Plant.ca

Integrated servo motors for open-source COVID-19 ventilator

October 19, 2021   Maryam Farag

Photo: Teknic.

Teknic’s ClearPath integrated servo motor, CPM-MCVC-3441S-RLN, provides a motor solution for a ventilator alternative from the University of Minnesota Medical School and Boston Scientific.

In mid-March, a team including Dr. Stephen Richardson, Anesthesiologist, University of Minnesota, Jim McGurran, Engineer, MGC Diagnostics, and a small group from the Earl E. Bakken Medical Devices Centre conceived the idea of a one-armed robot (more technically, a single-axis linear actuator) to automate human ventilation using an Ambu bag.

Teknic’s team brought the device all the way through concept, prototype, and production.

“The machine, internally nicknamed ‘Ambu-bot’ by Teknic, was not designed to replace ventilators. Rather, it was designed to automate the manual ventilation typically performed by medical personnel so that clinicians in over-stressed hospitals can treat other sick patients.”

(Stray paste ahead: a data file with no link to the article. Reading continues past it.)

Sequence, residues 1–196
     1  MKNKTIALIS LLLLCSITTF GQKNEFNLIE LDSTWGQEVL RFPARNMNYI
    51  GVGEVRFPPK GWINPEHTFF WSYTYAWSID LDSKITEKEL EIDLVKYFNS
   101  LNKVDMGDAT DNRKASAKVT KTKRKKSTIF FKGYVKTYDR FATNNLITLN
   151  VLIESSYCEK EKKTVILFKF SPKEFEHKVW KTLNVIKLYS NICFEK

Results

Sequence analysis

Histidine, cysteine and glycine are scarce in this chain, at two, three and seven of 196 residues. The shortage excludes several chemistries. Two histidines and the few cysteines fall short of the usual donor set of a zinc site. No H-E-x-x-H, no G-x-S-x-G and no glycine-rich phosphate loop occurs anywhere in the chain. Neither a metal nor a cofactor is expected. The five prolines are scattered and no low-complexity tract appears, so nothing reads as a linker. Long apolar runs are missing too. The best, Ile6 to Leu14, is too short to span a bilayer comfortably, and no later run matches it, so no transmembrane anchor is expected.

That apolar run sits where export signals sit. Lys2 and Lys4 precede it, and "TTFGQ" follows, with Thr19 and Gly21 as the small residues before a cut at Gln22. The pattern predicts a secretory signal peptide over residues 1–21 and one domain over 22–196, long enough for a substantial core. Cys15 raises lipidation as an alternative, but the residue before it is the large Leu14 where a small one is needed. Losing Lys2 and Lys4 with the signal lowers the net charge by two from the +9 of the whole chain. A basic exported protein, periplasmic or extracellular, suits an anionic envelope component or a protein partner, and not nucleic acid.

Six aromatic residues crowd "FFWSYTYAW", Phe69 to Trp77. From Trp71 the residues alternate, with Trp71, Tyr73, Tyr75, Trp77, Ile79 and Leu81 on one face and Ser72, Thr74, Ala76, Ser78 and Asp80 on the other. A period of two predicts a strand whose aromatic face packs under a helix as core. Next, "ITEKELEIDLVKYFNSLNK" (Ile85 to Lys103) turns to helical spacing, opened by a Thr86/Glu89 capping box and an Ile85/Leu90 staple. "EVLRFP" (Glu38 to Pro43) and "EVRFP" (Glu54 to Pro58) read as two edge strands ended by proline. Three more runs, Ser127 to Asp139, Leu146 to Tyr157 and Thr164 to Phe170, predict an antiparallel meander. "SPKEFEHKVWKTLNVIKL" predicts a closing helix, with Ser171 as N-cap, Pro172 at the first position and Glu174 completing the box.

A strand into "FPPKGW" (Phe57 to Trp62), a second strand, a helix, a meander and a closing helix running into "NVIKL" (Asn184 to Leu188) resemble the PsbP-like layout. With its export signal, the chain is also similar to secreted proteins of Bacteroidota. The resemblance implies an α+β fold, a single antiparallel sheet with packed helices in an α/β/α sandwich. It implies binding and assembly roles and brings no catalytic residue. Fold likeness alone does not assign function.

Advertisement

Sophisticated adjustments and sensors commonly found (and required) in conventional ventilators were left out in order to speed up the design, prototyping, testing, and production to meet the urgent need. The machine used one of Teknic’s ClearPath servos, but was designed for a wide range of servo or stepper motors.

While using this machine, clinicians will be required to monitor patients more closely than patients on a conventional ventilator. However, this device allows a single clinician to simultaneously monitor multiple patients, opposed to one clinician manually ventilating one patient.

The machine does all of the required manual labour consistently and continuously, and a clinician can monitor multiple patients at the same time to ensure that each patient’s vitals (e.g., blood gases) stay in an acceptable range.

The FDA formally granted Emergency Use Authorization to Boston Scientific and the University of Minnesota, under the official name “Coventor Automatic Adult Manual Resuscitator Compressor.” Boston Scientific announced plans to initially build 3,000 units, and then more as needed.